KGOU

Business Intelligence Report

Wednesdays

A weekly feature produced in partnership with the Journal Record, Oklahoma's weekday newspaper and website specializing in business, legislative and legal news. Editor Ted Streuli and Journal Record reporters discuss business and economic development in the state.

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Workers construct new homes at 12th Avenue NW and Tecumseh Road in Norman.
Brent Fuchs / The Journal Record

National figures out this week from the U.S. Census Bureau and the Department of Housing and Urban Development showed sales of new single-family homes rose more than 12 percent between June and July.

The seasonally adjusted annual rate of 654,000 units is the highest since October 2007 -  right around the time the housing bubble burst. But home construction is showing in the U.S., according to the National Association of Home Builders.

The Wheeler Ferris Wheel is shown behind signage at Oklahoma City’s Wheeler District.
Brent Fuchs / The Journal Record

On Tuesday the Oklahoma City Council took another step toward creating a tax increment financing, or TIF, district for the Wheeler neighborhood near downtown, just south of the Oklahoma River.

The area on either side of Western Ave. north of SW 20th Street will eventually have housing, offices, retail, and the centerpiece has already gone up - a 100-foot tall Ferris wheel.

Midwest City’s Heritage Park Mall.
Brent Fuchs / The Journal Record

It’s been about six years since the last few tenants moved out of Heritage Park Mall in Midwest City.

A lone retailer remains – Sears – and a local megachurch also holds it services there, but city leaders hope to revitalize the property and have issued a request for proposals to rehabilitate it.

The Journal Record’s editor Ted Streuli says the idea has been in the works for years, but recently the city council in Midwest City approved a matching $27,000 grant for requests for proposals. The money would come out of Midwest City’s Fiscal Year 2017 budget.

SandRidge Energy headquarters in Oklahoma City.
Brent Fuchs / The Journal Record

It’s been a rocky year for Oklahoma City’s SandRidge Energy.

The company started 2016 learning it would be delisted from the New York Stock Exchange, and had to shut down many oil and gas wells in northwest Oklahoma due to seismic directives by the Corporation Commission.

Renovation continues on the Sunshine Cleaners building at 1012 NW First St. in Oklahoma City.
Brent Fuchs / The Journal Record

In April the Oklahoma City Council approved $550,000 in tax increment financing, or TIF money, for the dilapidated Sunshine Cleaners building just west of downtown.

About the only remarkable thing about the building two blocks from the Oklahoma County Jail is its beautiful neon sign. The roof has caved in, the windows are broken, and satellite imagery even shows an abandoned vehicle inside the building.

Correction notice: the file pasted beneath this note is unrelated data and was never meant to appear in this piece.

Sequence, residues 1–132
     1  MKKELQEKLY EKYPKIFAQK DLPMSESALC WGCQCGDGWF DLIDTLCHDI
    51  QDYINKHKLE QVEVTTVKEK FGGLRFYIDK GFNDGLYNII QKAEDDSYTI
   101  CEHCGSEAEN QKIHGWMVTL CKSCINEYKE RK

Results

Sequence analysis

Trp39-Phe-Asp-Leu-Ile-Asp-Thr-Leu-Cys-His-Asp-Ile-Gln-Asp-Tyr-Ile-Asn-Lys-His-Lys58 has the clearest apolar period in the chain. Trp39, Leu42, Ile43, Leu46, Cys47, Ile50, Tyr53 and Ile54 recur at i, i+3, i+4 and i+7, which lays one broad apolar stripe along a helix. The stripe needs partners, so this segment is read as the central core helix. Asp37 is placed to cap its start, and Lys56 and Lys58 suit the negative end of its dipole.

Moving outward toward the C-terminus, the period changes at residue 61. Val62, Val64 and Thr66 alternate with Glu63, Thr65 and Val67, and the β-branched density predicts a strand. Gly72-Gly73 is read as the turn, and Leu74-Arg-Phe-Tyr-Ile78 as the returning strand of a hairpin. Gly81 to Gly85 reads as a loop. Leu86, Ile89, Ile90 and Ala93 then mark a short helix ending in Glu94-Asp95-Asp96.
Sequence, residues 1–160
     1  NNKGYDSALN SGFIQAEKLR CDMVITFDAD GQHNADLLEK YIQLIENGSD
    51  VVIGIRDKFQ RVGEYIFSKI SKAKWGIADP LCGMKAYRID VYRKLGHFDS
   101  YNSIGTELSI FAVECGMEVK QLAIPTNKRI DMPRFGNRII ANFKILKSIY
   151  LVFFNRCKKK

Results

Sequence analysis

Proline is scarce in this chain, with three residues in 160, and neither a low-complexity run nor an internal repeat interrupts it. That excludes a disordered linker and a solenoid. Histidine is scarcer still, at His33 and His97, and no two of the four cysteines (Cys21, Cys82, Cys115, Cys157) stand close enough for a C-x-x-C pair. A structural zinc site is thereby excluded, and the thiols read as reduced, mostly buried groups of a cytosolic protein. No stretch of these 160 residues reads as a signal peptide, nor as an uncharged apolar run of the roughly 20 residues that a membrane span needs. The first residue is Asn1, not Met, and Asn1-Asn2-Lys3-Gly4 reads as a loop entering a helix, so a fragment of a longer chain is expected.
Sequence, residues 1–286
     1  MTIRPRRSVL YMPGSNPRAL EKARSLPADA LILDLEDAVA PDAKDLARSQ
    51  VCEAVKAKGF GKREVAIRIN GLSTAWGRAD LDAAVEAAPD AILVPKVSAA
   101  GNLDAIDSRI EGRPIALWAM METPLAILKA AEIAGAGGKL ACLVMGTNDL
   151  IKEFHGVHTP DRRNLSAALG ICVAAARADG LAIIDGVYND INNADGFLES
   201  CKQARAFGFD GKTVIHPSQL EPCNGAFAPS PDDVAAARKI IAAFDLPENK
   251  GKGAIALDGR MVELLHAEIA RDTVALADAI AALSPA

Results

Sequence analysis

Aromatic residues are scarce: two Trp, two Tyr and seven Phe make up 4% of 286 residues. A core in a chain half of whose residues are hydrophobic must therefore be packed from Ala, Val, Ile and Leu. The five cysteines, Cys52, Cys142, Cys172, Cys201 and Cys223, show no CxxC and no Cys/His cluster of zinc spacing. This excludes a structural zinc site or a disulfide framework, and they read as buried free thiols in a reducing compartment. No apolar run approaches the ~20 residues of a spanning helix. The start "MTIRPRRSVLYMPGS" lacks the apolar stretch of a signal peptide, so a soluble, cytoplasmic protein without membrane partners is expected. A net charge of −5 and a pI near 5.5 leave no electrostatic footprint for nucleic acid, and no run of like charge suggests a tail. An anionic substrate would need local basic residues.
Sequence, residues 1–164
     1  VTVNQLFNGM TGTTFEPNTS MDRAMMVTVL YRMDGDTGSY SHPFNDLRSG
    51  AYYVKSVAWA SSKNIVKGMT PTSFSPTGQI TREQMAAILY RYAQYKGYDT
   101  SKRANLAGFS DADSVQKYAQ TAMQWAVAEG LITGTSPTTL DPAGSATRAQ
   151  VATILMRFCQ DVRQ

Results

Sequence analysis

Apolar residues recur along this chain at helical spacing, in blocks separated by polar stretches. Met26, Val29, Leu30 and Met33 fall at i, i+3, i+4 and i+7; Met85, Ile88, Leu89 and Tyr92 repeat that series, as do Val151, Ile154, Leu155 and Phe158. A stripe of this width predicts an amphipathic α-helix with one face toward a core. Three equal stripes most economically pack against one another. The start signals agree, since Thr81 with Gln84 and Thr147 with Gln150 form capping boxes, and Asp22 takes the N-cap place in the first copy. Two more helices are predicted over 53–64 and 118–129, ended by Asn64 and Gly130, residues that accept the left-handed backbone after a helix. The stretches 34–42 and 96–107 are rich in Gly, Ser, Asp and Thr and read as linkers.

Oklahoma City Mayor Mick Cornett.
Brent Fuchs / The Journal Record

Oklahoma City Mayor Mick Cornett has been a prominent figure during this week’s Republican National Convention.

He delivered speech Monday on behalf of the U.S. Conference of Mayors, having just taken over as the group’s president in June. Oklahoma City’s elections are technically non-partisan, but Cornett does identify as a Republican (he made it to a runoff with Gov. Mary Fallin in the 2006 Congressional primary when they vied for U.S. Rep. Ernest Istook’s old seat). During Cornett’s address in Cleveland earlier this week, he talked a lot about the success of Republican mayors across the country.

Steve Hahn, president of AT&T Oklahoma, speaks at the Reservation Economic Summit in Tulsa Tuesday.
Rip Stell / The Journal Record

This week tribal and business leaders met just outside of Tulsa for the Reservation Economic Summit.

Dr. Scott Dellinger talks with a patient at Willowood at Mustang senior living center in Mustang.
Brent Fuchs / The Journal Record

Last week the insurance industry group Genworth released an annual report that showed returns for home health care in Oklahoma fell in 2015 compared to previous years. But the costs for all healthcare segments in Oklahoma are going up, and the price of home healthcare rose 2.5 percent over last year.

That’s related to a nationwide trend of rising home care costs as Medicare providers try to keep chronically ill patients out of hospitals, The Journal Record’s Sarah Terry-Cobo reports:

A Williams Cos. employee monitors the company’s compressor station in Sumas, Wash.
Courtesy photo

On Wednesday Dallas-based Energy Transfer Equity announced it’s going to stop pursuing its merger with Tulsa-based Williams Cos. 

Updated 8:25 a.m.

Nearly half of the board of directors of Tulsa-based Williams Companies resigned Thursday during an afternoon closed-door meeting where a coalition attempted to oust CEO Alan Armstrong.

Two women pass by the shuttered Pita Pit on Campus Corner in Norman.
Brent Fuchs / The Journal Record